It Must Be Tough To Defend Cash For Clunkers For A Living

Illustration for article titled It Must Be Tough To Defend Cash For Clunkers For A Living

It's been more than four years since the sorry ploy to boost the economy that was called Cash For Clunkers was released onto the American public and the used car market, and the case for it has yet to improve. Doesn't it just seem to cost more and more every day?

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This time around it's the claim that the initiative cost taxpayers $1.4 million for every job it created, which sounds like a terrible deal and a very hard pill for car enthusiasts to ever come to terms with. No matter how many Ford Explorers it sent to the crusher.

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Which makes us wonder, what if it's your job to defend Cash For Clunkers these days? Who has the unenviable task of seeing all the bad press out there and getting the death stares from car folks?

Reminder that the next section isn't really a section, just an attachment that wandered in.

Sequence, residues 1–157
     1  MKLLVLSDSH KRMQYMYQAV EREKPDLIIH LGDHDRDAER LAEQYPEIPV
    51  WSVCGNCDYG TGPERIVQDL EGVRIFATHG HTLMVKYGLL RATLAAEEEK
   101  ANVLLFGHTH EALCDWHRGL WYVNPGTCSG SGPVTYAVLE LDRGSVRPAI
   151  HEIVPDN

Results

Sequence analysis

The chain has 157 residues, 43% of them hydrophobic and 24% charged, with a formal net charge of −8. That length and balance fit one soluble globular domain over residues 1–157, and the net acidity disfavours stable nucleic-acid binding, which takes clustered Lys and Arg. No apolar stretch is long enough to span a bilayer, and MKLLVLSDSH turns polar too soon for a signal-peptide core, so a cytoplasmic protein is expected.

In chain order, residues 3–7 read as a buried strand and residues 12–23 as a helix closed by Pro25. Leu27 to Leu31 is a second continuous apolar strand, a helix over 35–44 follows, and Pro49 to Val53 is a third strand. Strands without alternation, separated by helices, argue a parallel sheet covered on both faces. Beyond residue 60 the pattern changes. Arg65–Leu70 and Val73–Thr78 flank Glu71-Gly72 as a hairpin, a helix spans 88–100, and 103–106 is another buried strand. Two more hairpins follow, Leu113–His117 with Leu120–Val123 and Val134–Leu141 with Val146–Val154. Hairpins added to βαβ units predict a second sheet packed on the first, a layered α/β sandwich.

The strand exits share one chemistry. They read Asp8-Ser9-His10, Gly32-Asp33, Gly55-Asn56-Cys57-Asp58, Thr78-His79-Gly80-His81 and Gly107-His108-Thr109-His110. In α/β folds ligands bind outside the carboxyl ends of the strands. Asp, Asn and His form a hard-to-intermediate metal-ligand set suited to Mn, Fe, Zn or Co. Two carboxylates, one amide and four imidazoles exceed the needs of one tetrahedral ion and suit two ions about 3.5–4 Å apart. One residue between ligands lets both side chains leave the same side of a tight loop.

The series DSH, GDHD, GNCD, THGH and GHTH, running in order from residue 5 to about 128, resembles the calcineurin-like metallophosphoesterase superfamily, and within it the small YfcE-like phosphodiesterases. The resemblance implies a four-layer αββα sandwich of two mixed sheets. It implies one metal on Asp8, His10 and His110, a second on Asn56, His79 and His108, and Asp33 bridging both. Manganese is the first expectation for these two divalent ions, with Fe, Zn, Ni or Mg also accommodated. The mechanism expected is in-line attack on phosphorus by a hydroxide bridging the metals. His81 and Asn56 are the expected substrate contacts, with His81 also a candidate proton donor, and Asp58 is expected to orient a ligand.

Victorious Secret has an idea:

Illustration for article titled It Must Be Tough To Defend Cash For Clunkers For A Living

This describes the jackasses who came up with C for C wonderfully.

And duurtlang responds accordingly:

Hey, I work for a government and am thoroughly offe... Nah, you're right.

Oh, Cash For Clunkers defender, whoever you are, no one wants your job.

Photo: Flickr/Tony Fischer

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DISCUSSION

Every Undergradaute student interested in Economics that goes through the University of Chicago (Neoclassical Economics capital of the USA) is given a full speech from Allan Sanderson about how a former student of his had a huge hand in forming the Cash for Clunkers program, and that if he could (exaggerating, maybe...) he could revoke their grade in his course from when they took it.

This is, in many cases, the very first thing that these aspiring Economics majors learn at that school: Cash For Clunkers was a terrible idea.

The hate is pretty much universal.